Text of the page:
Last Call

You need to watch most underrated sci-fi superhero movie on Netflix before it leaves next week

Enter the dream world.

Before Taylor Lautner transformed into a sexy werewolf, he was surfing the waves of 3D visuals and fantastical dreamscapes as a kid superhero.

Escaping into fantasy is always easier than facing reality, and this is the core message of The Adventures of Sharkboy and Lavagirl, albeit in kid-friendly packaging. The film was critically slammed upon its initial release in 2005, but its colorful and imaginative world is full of wonder and adventure, offering a boost of confidence to its protagonist and a thoughtful lesson about being the hero of your own story.

With the upcoming release of We Can Be Heroes, a standalone sequel starring Pedro Pascal and Priyanka Chopra Jonas, The Adventures of Sharkboy and Lavagirl is the one movie you need to stream before it leaves Netflix for good on November 30.

Who's your favorite new TV character in 2020? Take the Inverse fan-favorites survey!

Yep, that's Taylor Lautner.Columbia Pictures/Sony

Co-written and directed by Robert Rodriguez (yes, that Robert Rodriguez), the film follows ten-year-old Max (Cayden Boyd) from his days of being bullied at school to his adventures battling the evil Mr. Electric (George Lopez), a sinister electrician who's actually Max’s schoolteacher. Max’s journey begins with a simple story he makes up about two heroes: Sharkboy (Lautner), who was brought up by sharks before partially transforming into one himself; and Lavagirl (Taylor Dooley), who can generate molten volcanic rock. When Max’s imaginative stories are stolen, Sharkboy and Lavagirl show up to ask for his help saving Planet Drool, bringing Max’s dreams to life.

One could argue that The Adventures of Sharkboy and Lavagirl was the child-like version of Inception (or is it the other way around?). Dreams, escapism, and employing the mind to create and destroy worlds are central to the film’s message, which hinges upon the power of Max’s imagination. What’s more, the film bolsters the idea that dreams are as endless (or as limited) as the boundaries built by the mind itself.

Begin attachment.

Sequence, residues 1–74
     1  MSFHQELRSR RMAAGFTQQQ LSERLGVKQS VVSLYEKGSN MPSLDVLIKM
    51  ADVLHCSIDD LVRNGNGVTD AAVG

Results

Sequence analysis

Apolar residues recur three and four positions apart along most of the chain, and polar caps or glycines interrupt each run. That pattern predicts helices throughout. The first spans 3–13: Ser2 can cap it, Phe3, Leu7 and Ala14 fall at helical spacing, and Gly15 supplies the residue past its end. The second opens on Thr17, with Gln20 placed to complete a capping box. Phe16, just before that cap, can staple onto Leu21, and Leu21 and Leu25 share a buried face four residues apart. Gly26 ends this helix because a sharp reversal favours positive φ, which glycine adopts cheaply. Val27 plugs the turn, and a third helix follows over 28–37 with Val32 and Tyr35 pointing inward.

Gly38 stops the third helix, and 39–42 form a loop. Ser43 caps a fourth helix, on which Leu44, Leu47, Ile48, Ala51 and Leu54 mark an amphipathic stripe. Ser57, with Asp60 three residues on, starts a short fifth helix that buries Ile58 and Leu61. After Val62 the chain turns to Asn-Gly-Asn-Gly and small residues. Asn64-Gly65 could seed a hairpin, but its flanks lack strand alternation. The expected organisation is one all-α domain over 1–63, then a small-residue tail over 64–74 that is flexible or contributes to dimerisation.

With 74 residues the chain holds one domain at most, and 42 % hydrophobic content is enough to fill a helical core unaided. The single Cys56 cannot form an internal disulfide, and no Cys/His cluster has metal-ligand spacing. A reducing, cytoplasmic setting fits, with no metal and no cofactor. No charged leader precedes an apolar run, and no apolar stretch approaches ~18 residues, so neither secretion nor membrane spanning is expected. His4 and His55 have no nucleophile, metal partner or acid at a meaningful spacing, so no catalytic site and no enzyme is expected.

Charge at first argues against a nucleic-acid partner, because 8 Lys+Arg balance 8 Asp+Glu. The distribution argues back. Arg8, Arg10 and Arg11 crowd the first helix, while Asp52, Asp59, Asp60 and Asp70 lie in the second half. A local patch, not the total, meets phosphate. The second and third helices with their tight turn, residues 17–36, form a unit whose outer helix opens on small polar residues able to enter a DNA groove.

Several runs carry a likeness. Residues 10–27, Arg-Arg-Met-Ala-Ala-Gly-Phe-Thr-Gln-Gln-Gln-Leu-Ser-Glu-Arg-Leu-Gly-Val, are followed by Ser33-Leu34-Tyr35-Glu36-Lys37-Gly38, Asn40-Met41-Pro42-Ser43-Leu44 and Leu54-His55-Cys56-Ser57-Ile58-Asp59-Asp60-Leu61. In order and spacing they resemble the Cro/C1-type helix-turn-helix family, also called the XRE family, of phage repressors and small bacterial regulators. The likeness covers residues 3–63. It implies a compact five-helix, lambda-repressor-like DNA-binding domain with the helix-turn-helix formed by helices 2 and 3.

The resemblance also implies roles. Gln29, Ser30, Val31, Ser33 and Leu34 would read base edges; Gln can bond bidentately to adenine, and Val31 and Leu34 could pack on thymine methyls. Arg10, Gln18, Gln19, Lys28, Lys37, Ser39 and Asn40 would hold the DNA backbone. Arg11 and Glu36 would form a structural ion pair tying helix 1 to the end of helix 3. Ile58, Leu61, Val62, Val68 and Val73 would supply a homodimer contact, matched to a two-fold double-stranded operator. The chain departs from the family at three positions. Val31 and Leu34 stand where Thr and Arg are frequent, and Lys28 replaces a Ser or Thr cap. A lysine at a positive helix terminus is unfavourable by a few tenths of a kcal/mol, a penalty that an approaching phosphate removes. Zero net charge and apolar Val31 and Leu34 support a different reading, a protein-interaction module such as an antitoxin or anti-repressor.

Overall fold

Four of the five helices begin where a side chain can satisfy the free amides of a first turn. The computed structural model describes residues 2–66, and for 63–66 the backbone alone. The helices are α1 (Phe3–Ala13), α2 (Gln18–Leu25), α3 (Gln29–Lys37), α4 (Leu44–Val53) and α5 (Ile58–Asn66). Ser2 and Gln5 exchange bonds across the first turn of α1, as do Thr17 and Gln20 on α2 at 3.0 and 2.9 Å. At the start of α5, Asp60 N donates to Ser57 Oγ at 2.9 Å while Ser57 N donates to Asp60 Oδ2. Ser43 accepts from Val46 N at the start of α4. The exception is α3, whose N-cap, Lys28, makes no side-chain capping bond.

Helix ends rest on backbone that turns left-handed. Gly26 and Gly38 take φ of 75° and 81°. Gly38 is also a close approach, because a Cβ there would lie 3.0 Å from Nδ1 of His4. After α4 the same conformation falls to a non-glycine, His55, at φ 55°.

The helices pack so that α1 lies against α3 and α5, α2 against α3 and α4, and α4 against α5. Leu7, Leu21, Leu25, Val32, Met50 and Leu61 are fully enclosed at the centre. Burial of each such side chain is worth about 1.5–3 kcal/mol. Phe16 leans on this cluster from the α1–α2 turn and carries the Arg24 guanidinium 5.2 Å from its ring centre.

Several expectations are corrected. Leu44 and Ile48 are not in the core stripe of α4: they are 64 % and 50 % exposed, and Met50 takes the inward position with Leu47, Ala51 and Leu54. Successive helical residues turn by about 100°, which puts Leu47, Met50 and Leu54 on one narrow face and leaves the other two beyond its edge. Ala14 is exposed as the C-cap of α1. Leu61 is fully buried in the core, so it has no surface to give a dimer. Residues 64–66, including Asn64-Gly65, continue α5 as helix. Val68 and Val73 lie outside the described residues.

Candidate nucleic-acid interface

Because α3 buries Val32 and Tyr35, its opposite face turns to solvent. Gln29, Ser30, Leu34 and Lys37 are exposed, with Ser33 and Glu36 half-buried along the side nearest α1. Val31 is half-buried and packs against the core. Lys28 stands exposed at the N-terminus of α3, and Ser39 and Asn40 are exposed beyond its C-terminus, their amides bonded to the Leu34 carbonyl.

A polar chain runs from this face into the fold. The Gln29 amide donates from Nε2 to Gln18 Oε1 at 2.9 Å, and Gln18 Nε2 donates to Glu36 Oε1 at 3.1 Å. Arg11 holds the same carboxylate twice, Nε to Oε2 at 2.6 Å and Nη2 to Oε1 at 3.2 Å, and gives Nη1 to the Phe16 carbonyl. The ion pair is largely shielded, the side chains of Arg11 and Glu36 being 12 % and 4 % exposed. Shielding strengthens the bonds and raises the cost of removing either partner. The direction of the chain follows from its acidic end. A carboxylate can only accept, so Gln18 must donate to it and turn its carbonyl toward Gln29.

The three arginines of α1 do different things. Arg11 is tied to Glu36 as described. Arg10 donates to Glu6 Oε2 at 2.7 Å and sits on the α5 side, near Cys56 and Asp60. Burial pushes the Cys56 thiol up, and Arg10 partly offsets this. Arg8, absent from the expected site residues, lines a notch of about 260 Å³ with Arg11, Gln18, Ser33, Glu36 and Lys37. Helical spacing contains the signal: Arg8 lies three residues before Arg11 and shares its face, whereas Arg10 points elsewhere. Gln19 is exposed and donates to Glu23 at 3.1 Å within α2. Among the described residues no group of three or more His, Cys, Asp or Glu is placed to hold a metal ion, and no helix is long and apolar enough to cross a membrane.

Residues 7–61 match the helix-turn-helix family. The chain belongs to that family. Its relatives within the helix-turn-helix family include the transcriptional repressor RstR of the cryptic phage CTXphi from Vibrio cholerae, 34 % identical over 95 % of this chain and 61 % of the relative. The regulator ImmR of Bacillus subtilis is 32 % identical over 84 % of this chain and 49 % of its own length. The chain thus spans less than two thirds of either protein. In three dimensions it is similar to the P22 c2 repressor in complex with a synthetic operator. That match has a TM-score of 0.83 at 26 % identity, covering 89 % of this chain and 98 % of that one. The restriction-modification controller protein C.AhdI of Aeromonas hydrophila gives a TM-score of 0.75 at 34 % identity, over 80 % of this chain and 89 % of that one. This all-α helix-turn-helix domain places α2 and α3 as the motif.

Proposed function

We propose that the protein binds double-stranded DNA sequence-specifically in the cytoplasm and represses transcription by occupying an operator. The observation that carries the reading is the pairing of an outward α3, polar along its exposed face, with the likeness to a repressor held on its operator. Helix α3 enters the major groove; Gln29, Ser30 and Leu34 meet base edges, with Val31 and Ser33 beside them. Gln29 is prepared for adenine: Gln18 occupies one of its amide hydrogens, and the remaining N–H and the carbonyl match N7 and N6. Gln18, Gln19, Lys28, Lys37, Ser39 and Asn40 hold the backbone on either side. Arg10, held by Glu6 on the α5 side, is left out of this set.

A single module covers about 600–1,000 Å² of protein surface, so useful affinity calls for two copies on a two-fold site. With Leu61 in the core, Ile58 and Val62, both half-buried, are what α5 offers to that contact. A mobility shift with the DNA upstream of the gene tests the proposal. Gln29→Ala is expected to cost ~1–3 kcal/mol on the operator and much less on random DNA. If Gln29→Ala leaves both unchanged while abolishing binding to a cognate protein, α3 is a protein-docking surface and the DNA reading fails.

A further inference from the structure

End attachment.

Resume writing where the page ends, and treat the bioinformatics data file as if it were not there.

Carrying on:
At any given moment, Max can simply rewrite the story, altering the fates of the film’s characters if he so chooses. Facing loneliness and hardships, Max’s dreams are his only source of comfort, and Sharkboy and Lavagirl his only real friends. That sort of isolation is all too relatable right now, at a time when movies and TV shows feel like the only escape from the confines of our own reality.

George Lopez as Mr. Electric.Columbia Pictures/Sony

The Adventures of Sharkboy and Lavagirl also offers a fun spin on what it means to be a hero. Max didn't need physical powers to aid in the defeat of Mr. Electric, and he returns from his fantastical journey left him ready to face the issues in his own life — or at least make peace with them. In this way, the film includes a dose of truth to go with its candy-colored reverie.

This isn't to say that Sharkboy and Lavagirl is the best you’ll find on Netflix — it’s not. However, its visuals look a whole lot better without the 3D glasses that were all the rage back then. The film is also unabashedly mushy and boosted by some decent performances, valuable life lessons, and a theatrical adventure that is well worth the watch despite some questionable special effects.

The Adventures of Sharkboy and Lavagirl is streaming on Netflix until November 30 in the U.S.